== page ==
52nd Infantry Regiment
Mustered in: August 3 to November 5, 1861
Mustered out: July 1, 1865
The following is taken from New York in the War of the Rebellion,
3rd ed. Frederick Phisterer. Albany: J. B. Lyon Company, 1912.
This regiment was organized at New York City October 11, 1861, but its organization
not completed until October 29, 1861, when the German Rangers were united with
the Sigel Rifles. The former were in course of recruiting under Col. Emil Von
Schoening under authority from the War Department dated July 27, 1861; at the
time of the consolidation part of the Honved Regiment, Col. Edward Count Wratislaw,
had already been merged into the German Rangers. Companies A, B, C, D, E, F
and G were formed of the latter, and H, I and K of Companies A, C and D of the
Sigel Rifles. Company B of the latter was merged in Companies H, I and K of
the new organization, of which Col. Paul Frank of the Sigel Rifles was appointed
Colonel. The companies were recruited in New York City and there mustered in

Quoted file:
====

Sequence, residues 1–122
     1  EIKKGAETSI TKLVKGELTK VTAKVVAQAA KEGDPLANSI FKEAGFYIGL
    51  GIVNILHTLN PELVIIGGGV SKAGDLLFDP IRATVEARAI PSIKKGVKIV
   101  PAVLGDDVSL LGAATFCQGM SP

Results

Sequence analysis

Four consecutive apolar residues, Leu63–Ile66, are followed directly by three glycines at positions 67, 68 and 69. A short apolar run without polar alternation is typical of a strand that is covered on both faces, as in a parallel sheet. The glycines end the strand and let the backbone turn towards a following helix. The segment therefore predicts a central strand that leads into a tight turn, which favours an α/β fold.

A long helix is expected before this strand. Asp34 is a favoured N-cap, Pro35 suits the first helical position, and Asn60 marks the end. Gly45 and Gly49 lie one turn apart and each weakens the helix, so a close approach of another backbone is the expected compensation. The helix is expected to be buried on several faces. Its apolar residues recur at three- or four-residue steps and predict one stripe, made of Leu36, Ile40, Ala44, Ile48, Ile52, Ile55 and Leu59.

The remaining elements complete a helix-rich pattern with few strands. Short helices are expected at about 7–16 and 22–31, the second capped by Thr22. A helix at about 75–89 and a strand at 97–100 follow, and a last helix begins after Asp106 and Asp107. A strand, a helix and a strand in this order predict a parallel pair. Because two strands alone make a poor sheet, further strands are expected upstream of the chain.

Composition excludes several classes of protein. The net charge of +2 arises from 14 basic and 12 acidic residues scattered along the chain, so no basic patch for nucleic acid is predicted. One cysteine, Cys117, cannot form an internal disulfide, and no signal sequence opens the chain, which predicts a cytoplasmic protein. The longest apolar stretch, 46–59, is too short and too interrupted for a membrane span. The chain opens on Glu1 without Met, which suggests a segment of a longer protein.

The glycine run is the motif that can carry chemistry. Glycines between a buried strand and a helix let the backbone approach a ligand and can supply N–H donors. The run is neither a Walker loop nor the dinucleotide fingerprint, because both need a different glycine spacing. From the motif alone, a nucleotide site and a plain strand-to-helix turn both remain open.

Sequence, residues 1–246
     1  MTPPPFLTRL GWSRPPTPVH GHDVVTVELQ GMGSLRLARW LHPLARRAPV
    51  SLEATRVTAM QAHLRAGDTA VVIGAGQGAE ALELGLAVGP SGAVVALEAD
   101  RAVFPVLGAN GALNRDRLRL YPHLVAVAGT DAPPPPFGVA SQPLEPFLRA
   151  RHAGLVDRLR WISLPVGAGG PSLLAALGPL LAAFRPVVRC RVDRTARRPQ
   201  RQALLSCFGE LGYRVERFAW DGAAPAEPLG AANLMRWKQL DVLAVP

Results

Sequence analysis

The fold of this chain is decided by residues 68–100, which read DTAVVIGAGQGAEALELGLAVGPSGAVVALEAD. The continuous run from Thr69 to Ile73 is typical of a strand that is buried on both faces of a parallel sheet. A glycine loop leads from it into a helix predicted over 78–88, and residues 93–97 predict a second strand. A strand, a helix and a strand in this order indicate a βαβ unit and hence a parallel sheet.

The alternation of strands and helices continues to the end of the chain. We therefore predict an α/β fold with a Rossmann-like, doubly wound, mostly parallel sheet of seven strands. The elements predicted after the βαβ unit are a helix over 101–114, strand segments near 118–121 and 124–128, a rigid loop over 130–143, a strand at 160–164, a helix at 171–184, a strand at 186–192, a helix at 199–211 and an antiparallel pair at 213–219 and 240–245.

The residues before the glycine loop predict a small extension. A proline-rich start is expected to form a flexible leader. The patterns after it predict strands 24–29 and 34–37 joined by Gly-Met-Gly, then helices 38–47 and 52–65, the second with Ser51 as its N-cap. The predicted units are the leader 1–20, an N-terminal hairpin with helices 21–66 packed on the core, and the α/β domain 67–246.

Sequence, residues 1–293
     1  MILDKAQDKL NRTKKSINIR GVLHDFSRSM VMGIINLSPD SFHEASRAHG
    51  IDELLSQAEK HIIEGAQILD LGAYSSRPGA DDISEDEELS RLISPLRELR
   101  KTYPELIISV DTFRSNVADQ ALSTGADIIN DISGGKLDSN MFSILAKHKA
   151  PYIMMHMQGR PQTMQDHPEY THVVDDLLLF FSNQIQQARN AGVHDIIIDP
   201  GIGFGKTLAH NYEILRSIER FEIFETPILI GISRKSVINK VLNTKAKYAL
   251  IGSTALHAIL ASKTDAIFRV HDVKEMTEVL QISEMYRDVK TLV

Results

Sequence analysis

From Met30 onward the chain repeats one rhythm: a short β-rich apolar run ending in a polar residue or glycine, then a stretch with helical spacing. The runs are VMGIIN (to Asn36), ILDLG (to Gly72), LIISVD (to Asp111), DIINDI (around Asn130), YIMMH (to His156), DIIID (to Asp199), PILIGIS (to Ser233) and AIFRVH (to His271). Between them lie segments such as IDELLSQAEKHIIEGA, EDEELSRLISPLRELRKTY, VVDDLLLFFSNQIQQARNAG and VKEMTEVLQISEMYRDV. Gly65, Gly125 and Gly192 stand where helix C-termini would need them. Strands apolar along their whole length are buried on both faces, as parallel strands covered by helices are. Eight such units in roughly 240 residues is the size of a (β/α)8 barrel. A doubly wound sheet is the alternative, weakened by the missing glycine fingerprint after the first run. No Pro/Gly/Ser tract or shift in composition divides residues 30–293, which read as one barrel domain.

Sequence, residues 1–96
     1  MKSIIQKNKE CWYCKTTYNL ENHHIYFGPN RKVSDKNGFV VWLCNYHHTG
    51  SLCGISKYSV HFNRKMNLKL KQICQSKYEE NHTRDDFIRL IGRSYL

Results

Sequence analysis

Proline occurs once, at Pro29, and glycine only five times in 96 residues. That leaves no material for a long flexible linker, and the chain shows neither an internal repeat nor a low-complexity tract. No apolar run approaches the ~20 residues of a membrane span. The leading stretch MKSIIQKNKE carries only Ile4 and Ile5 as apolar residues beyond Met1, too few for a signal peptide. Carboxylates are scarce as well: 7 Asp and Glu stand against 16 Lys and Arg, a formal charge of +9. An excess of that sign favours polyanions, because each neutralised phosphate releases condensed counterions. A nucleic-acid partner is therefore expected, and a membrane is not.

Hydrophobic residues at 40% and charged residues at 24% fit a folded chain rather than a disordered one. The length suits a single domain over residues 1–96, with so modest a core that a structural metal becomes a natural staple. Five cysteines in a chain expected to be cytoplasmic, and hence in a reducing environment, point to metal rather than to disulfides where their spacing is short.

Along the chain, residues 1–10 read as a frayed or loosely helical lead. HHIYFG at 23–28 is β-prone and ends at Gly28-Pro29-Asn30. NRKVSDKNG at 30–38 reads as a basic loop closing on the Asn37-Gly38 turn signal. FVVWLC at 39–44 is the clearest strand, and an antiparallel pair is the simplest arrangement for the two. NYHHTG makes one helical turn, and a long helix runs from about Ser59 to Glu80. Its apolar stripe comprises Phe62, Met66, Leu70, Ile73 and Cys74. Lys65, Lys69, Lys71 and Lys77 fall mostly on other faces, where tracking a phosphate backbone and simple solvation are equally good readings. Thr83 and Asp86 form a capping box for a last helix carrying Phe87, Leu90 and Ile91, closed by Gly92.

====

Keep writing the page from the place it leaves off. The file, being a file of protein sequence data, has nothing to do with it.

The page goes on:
the service of the United States for three years, between August 3 and November
5, 1861. At the expiration of its term of service in August, September and October,
1864, the men entitled thereto were discharged, and the regiment retained in
service, but consolidated into six companies, the old Companies E, F, G, H,
I and K becoming new Companies A, B, C, D, E and F, respectively, and a new
Company G was formed of recruits received in the field.
The regiment left the State November II, 1861; served in French's Brigade,
Stunner's Division, Army of the Potomac, from November, 1861; in the same, 3d,
Brigade, Richardson's, 1st, Division, 2d Corps, Army of the Potomac, from March
13, 1862; in the 1st Brigade, 1st Division, 2d. Corps, from August, 1862; in
the 3d Brigade, 1st Division, 2d Corps, from September, 1862; in the Consolidated
Brigade, 1st Division, 2d Corps, from July, 1864; in the 3d Brigade, 1st Division,
2d Corps, from November 2, 1864; and it was honorably discharged and mustered
out, commanded by Col. Henry M. Karples, July 1, 1865, at Alexandria, Va.
During its service the regiment lost by death, killed
in action, 8 officers, 82 enlisted men; of wounds received in action, 6 officers,
56 enlisted men; of disease and other causes, 199 enlisted men; total, 14 officers,
337 enlisted men; aggregate, 351; of whom I officer, 107 enlisted men, died
in the hands of the enemy.
The following is taken from The Union army: a history of military
affairs in the loyal states, 1861-65 -- records of the regiments in the
Union army -- cyclopedia of battles -- memoirs of commanders and soldiers.
Madison, WI: Federal Pub. Co., 1908. volume II.